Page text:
A profound contribution from our city

The monument that was built to commemorate the contribution of demonstrators and protesters, who were the “foot soldiers” during the civil rights movement in St. Augustine, looks as though it could have been perched in the Plaza for decades.

The St. Augustine Foot Soldiers Remembrance Project raised more than $70,000 to pay Deltona sculptor Brian R. Owens and Bronzart Foundry in Sarasota to construct the monument; which couldn’t be more impressive.

Members of the community-based 501(c)3, non-profit organization, are recognized for their volunteer service and financial contribution with small plaques attached to two benches — ideally located for those who come to St. Augustine and who will undoubtedly pause for a few introspective thoughts as they pass by.

As a native-born St. Augustinian, and someone who grew up here during segregation, as well as the earliest days of integration, I must say that I am impressed with the results of this project. Of course, you hear Dr. Hayling or Hank Thomas speak about their experiences from inside the movement and you get an entirely different perspective than from a desk at Fullerwood Elementary School in 1964.

Over discussion with morning coffee and other businessmen who have been here as long as me, I think I’ve concluded that I am most impressed with the fact that this memorial is to the people who truly deserve the credit for helping to accomplish the Civil Rights Act of 1964 and later the Voting Rights Act of 1965 — people whose names and faces do not appear as the busts of the monument, but rather are represented in the faces of the men and women who do.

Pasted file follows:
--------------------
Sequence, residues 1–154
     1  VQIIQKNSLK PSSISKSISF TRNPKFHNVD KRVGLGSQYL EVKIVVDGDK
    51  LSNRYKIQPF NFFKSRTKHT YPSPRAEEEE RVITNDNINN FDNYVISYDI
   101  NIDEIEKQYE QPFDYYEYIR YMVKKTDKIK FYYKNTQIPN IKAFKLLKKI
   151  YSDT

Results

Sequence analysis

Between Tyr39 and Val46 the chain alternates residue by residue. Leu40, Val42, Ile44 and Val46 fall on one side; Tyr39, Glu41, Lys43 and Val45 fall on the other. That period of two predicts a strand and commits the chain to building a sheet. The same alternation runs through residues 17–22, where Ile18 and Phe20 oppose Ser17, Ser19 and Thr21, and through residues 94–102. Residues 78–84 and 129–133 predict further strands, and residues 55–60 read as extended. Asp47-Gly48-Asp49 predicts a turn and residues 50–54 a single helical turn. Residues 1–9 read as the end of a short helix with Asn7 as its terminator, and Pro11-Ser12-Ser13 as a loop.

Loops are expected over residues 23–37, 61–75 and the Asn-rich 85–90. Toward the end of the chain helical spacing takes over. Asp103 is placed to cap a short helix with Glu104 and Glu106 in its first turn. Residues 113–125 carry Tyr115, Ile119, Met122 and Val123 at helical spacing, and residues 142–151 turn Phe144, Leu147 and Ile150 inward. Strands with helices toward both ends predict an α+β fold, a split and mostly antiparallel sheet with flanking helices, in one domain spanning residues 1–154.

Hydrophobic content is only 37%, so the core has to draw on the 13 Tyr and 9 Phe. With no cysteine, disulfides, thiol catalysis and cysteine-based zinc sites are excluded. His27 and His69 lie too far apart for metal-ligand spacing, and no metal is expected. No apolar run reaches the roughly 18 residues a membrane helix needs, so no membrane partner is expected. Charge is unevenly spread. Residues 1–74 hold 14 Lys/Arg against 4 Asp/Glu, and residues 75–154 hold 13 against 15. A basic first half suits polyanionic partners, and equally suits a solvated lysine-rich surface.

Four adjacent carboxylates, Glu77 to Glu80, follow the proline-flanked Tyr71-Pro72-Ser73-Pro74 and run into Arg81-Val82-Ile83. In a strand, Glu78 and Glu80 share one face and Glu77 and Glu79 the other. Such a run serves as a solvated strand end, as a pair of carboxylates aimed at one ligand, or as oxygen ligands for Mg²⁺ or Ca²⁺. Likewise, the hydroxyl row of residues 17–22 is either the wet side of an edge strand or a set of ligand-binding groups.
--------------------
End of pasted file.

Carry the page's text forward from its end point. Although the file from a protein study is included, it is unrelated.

This monument is not about being “black” or “white” — both races are represented; as they were during the actual marches and demonstrations of the early 1960’s. Not unlike the Tomb of the Unknowns in Arlington National Cemetery where the individual soldiers are not identified or credited by name, both monuments are dedicated to their service from a grateful nation.

Citizens like Barbara Vickers and George Gardner, who got behind this project when no one was certain it could find support, deserve recognition for their contribution — as do the others who worked together to make the monument a reality. This is not a “photo opportunity” for them; as it is for some of the Johnny-come-lately luminaries; who, no doubt, see this project as a fountain of political capital.

People of character, like Nena Vreeland whose generosity and vision for this project certainly earned her “time in the limelight”, seek nothing of the sort. Those are the kind of people who deserve our support and appreciation. It takes a community of unselfish, self-sacrificing, altruistic, noble, generous and gallant people, working together, to accomplish great things. Thank you for being a part of ours.

Photo credits: © 2011 Historic City News staff photographer

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